Congratulations on receiving your offer to study in the Faculty of Veterinary and Agricultural Sciences (FVAS) at the University of Melbourne! We are really happy that you chose to study with us and look forward to welcoming you in March 2019. We know that you have lots of questions about your studies and we want to ensure that you have a smooth transition to university life here at FVAS.
Thinking about what subjects you are going to study in your first year? Some courses like the Bachelor of Agriculture and the Doctor of Veterinary Medicine have a set first year. You still need to enrol, but you don't need to make any changes to your subject selection. Students entering into FVAS graduate coursework programs need to review available subjects and decide what to enrol in for 2019.
You can review course structures and available subjects in the 2019 Handbook.
Enrolling in subjects can be done online before the orientation period. We encourage you to enrol early so that you will be ready to complete your class registration as soon as possible.
Information on class registration timelines can be found here.
|FVAS Course||Class Registration Open Time|
|Bachelor of Agriculture||10am, Thursday 31 January 2019|
|Graduate Agriculture and Food courses (Coursework)||10am, Tuesday 15 January 2019|
|Doctor of Veterinary Medicine||DVM students will be notified of class registration dates via email.|
We know the University terminology can sometimes be confusing, so to clarify:
Enrolment = Updating your personal details (address, phone, etc) and selecting 'enrol' next to those subjects you wish to study for 2019.
Class Registration = Selecting your desired time slot for lectures and tutorials belonging to the subject you have enrolled in.
To commence the enrolment process, visit the University's enrolment website.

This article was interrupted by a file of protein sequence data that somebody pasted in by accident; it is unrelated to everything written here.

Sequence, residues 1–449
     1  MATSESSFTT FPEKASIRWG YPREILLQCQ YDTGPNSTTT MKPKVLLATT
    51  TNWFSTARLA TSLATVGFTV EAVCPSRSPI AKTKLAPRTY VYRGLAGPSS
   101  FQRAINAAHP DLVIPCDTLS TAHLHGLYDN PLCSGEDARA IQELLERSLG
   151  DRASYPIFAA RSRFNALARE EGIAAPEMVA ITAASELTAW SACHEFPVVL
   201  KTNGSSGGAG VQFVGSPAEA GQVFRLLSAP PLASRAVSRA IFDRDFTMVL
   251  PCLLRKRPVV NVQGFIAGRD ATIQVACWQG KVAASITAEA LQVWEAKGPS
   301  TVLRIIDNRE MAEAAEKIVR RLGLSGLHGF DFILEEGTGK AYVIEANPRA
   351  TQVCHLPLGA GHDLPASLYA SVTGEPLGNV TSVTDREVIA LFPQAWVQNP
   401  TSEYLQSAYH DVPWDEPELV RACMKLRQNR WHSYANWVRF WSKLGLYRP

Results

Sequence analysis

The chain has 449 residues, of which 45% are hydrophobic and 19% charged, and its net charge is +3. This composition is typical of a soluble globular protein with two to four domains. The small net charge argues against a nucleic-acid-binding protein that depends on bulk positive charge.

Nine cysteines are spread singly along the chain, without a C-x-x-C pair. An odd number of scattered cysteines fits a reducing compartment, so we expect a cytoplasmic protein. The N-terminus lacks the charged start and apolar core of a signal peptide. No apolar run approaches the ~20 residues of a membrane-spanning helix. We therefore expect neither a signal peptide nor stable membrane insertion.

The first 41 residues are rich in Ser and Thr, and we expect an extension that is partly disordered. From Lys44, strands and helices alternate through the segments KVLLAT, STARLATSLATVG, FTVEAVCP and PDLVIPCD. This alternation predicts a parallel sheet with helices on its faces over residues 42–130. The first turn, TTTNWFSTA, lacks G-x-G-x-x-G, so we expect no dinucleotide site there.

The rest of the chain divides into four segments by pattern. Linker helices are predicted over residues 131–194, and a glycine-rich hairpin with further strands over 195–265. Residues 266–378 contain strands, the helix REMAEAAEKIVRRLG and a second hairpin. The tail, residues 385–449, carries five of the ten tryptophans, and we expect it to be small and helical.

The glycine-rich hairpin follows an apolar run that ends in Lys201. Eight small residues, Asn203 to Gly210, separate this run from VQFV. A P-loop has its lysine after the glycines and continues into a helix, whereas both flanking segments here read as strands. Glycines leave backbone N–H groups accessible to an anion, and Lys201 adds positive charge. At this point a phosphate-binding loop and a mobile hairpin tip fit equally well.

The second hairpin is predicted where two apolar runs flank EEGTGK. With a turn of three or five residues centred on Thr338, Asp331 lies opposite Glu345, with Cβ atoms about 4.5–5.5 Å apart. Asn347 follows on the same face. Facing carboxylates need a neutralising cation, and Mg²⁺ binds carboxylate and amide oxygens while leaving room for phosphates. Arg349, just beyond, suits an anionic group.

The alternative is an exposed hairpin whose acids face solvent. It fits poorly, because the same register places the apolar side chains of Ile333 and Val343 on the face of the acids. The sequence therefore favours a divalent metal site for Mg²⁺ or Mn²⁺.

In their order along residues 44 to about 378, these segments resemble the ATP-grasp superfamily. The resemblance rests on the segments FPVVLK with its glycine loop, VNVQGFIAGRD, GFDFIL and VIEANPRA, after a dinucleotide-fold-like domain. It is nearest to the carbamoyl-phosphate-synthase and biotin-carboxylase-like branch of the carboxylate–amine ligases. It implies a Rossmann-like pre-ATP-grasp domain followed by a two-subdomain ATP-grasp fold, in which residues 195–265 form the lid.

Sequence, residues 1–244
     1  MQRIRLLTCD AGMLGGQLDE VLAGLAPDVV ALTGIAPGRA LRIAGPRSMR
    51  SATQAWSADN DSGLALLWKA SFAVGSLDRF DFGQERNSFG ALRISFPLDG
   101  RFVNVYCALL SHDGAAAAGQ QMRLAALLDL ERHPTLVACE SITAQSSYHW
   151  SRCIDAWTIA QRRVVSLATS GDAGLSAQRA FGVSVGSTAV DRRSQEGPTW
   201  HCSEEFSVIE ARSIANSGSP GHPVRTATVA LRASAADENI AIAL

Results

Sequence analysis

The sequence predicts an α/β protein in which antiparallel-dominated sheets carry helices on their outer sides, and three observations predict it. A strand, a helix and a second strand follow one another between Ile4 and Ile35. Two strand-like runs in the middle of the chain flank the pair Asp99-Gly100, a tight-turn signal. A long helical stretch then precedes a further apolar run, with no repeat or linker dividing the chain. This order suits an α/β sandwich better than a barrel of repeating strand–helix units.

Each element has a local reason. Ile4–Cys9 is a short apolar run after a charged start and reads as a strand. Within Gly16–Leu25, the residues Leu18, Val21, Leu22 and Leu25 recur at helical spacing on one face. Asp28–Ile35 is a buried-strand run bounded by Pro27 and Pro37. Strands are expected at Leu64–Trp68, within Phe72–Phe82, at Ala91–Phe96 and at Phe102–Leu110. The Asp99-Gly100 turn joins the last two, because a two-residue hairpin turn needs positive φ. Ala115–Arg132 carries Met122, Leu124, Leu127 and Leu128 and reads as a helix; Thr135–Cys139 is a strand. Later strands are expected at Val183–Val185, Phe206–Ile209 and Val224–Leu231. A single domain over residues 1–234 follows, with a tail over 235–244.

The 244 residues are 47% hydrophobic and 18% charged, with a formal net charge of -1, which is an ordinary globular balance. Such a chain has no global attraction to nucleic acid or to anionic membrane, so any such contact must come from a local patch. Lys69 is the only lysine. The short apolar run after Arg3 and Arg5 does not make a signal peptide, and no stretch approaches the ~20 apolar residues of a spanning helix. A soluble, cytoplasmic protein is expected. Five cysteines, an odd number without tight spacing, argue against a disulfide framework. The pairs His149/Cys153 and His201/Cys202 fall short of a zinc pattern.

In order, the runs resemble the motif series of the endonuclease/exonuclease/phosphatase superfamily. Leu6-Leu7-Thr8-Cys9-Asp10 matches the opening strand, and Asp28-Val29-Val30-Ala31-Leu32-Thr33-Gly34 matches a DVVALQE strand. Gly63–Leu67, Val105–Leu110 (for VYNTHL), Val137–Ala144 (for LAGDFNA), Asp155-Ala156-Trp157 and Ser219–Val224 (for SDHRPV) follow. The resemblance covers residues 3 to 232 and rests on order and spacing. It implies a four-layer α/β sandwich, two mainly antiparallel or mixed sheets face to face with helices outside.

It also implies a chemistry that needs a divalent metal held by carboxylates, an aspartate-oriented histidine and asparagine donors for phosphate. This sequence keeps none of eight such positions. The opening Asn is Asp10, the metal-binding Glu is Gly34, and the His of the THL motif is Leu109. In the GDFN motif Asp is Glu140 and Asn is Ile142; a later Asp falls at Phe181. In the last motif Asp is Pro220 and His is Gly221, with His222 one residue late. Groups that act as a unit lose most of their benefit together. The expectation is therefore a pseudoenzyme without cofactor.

Want to organise your student card? Once you have completed your enrolment, follow the instructions on the ask.unimelb website.
To help you get settled and meet your new classmates, we organise a number of orientation sessions.
Sessions run by FVAS are organised according to which course you are studying. Details for all FVAS orientation activities can be found on the FVAS student website. Many events require registration - this is important so we can cater for you.
There are also general sessions run by the University - for example Melbourne Careers Centre, Academic Skills Unit, Global Mobility, and International Student Services. You can create your own orientation itinerary by registering on the Orientation website.
Moving to Melbourne
Many of you will be moving to Melbourne for the first time next year and for some of you it may be the first time you are living away from home! There are a lot of housing options and the University has a housing website that will help you navigate your way around Melbourne. One of the most useful pages is the suburb guide, which provides information on the inner-city suburbs.
Important things to remember:
- If something sounds too good to be true, it usually is! Be careful not to sign-up for accommodation or hand money over until you have seen the room/house and are happy with it. This mainly applies to renting privately, but even when applying for student housing, make sure you know what facilities are available and where you will be located.
- Know how you are going to get to university. This means checking how far away you are from university, knowing which trains, trams or buses service your area, how frequently they run and how long the journey takes. You can use Public Transport Victoria's Journey Planner to plan your route.
You are going to be moving further than anyone to get to Melbourne and may feel a bit lost when you arrive. This is normal. Thousands of international students move to Melbourne every year and it takes some time to understand the city and the culture. It's really important that you read the University's International Student Briefing. It contains everything you need to know about studying and living in Australia.
International students entering into the Doctor of Veterinary Medicine (DVM): your fellow students from the Veterinary Students' Society of Victoria (VSSV) have prepared some information for you and it is quite specific to the DVM. You can read their tips and hints on the DVM International Student Guide.
Connect with other students
One of the most important aspects of commencing your studies is to get involved and connect with other students in your course. There are several student clubs and societies that you can join. Some are cohort based, such as the FVAS student societies, and others are simply like-minded individuals that get together to pursue common interests.